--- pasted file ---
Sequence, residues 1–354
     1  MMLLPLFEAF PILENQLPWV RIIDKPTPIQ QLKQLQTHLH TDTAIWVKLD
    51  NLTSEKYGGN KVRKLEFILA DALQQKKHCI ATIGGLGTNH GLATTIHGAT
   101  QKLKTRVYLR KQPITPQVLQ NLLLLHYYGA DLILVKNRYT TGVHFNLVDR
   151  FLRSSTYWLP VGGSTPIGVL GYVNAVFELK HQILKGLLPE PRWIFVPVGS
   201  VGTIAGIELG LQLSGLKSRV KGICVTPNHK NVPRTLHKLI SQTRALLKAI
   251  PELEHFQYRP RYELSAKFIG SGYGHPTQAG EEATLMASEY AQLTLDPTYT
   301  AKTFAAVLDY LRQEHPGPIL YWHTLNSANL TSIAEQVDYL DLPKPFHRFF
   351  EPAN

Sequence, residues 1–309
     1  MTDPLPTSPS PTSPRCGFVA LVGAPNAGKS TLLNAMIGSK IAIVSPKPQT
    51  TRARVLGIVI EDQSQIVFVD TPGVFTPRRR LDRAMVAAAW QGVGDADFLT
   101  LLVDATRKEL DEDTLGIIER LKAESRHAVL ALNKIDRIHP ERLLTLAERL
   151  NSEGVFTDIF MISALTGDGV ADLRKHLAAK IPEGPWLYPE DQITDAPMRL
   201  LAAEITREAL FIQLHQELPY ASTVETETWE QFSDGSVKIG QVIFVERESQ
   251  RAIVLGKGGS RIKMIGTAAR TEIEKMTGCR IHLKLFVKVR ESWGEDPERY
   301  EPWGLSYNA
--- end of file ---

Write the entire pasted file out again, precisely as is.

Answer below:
Sequence, residues 1–354
     1  MMLLPLFEAF PILENQLPWV RIIDKPTPIQ QLKQLQTHLH TDTAIWVKLD
    51  NLTSEKYGGN KVRKLEFILA DALQQKKHCI ATIGGLGTNH GLATTIHGAT
   101  QKLKTRVYLR KQPITPQVLQ NLLLLHYYGA DLILVKNRYT TGVHFNLVDR
   151  FLRSSTYWLP VGGSTPIGVL GYVNAVFELK HQILKGLLPE PRWIFVPVGS
   201  VGTIAGIELG LQLSGLKSRV KGICVTPNHK NVPRTLHKLI SQTRALLKAI
   251  PELEHFQYRP RYELSAKFIG SGYGHPTQAG EEATLMASEY AQLTLDPTYT
   301  AKTFAAVLDY LRQEHPGPIL YWHTLNSANL TSIAEQVDYL DLPKPFHRFF
   351  EPAN

Sequence, residues 1–309
     1  MTDPLPTSPS PTSPRCGFVA LVGAPNAGKS TLLNAMIGSK IAIVSPKPQT
    51  TRARVLGIVI EDQSQIVFVD TPGVFTPRRR LDRAMVAAAW QGVGDADFLT
   101  LLVDATRKEL DEDTLGIIER LKAESRHAVL ALNKIDRIHP ERLLTLAERL
   151  NSEGVFTDIF MISALTGDGV ADLRKHLAAK IPEGPWLYPE DQITDAPMRL
   201  LAAEITREAL FIQLHQELPY ASTVETETWE QFSDGSVKIG QVIFVERESQ
   251  RAIVLGKGGS RIKMIGTAAR TEIEKMTGCR IHLKLFVKVR ESWGEDPERY
   301  EPWGLSYNA